"The number of Iraqi police and army in this area is too low. This is a farming area with a lot of empty areas, so it's neglected. There's not even much presence of government officials," said Haytham Khalaf, 37, an Amirli resident whose niece was injured. He accused local Sunnis of helping al Qaeda set up a presence there.
The top U.S. commander in Iraq, Gen. David Petraeus, told The Associated Press on Saturday he expected Sunni extremists to try to "pull off a variety of sensational attacks and grab the headlines to create a `mini-Tet."'
He was referring to the 1968 Viet Cong and North Vietnamese Tet offensive that undermined public support for the Vietnam War in the United States.
In Baghdad, the twin car bombs on Sunday struck around 10:30 a.m. The first exploded near a restaurant that was closed at the time. The blast destroyed stalls and soft-drink stands, killing two passers-by and wounding eight others, a police official said. The area is near the offices of the Supreme Islamic Council in Iraq, the biggest Shiite party in parliament.
About five minutes later, the second car exploded about a mile) away, hitting shops selling leather jackets and shoes. Six people were killed and seven wounded, said the official, who spoke on condition of anonymity because he was not authorized to talk to the media.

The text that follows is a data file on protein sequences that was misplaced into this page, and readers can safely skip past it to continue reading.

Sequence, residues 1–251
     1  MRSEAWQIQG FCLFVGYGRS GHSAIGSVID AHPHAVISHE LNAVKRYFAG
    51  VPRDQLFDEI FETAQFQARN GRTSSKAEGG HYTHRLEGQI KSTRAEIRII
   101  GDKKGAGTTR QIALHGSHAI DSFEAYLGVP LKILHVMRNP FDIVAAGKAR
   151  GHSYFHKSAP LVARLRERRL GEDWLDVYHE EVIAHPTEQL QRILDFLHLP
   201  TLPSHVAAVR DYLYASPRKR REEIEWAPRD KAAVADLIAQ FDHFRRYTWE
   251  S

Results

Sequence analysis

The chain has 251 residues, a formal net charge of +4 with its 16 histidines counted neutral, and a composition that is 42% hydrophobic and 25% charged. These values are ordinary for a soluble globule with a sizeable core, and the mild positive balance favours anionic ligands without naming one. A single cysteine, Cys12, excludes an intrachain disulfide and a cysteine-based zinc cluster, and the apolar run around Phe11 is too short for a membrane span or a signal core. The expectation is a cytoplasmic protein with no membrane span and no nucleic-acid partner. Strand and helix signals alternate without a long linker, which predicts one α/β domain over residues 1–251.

Also Sunday, the military announced that an American soldier was killed in combat a day earlier in Salahuddin province. It did not provide details.
The U.S. military may be forced to tolerate attacks further north as they focus on pacifying Baghdad and its surroundings, hoping that calm in the capital will give the government time to take key political steps. Washington is pressing Prime Minister Nouri al-Maliki to pass measures to encourage Sunni Arabs to turn away from support of the insurgency to back the government.
Efforts to pass the measures, however, continue to be tied down in political feuding between Sunni, Shiite and Kurdish parties in al-Maliki's fragile coalition. At the same time, tensions have risen with the movement of anti-American Shiite cleric Muqtada al-Sadr, a former ally of the prime minister.
Clashes broke out Saturday between police and the Sadr movement's militia, the Mahdi Army, in Suwayrah, 25 miles south of Baghdad, killing three civilians and wounding eight, according to a morgue official. Police and Mahdi Army fighters battled for days earlier this week in Samawah, further south.
Al-Maliki on Saturday accused the Sadr movement of being infiltrated by Baathists and gangs in one of his harshest criticisms against the group, and he demanded Sadrist leaders stop violence being carried out in the group's name.
In other developments:
The troops were hit by bombs, rocket-propelled grenades and small arms during an arrest operation in the city before dawn, the military said in a statement. Coalition aircraft destroyed roadside bombs as the British soldiers were extracted from the city, it said.
Britain has withdrawn hundreds of troops from Iraq, leaving a force of around 5,500 based mainly on the fringes of Basra, Iraq's second-largest city, 340 miles southeast of Baghdad. British bases come under frequent mortar attacks from Shiite militias. The U.S. currently has about 155,000 troops in Iraq.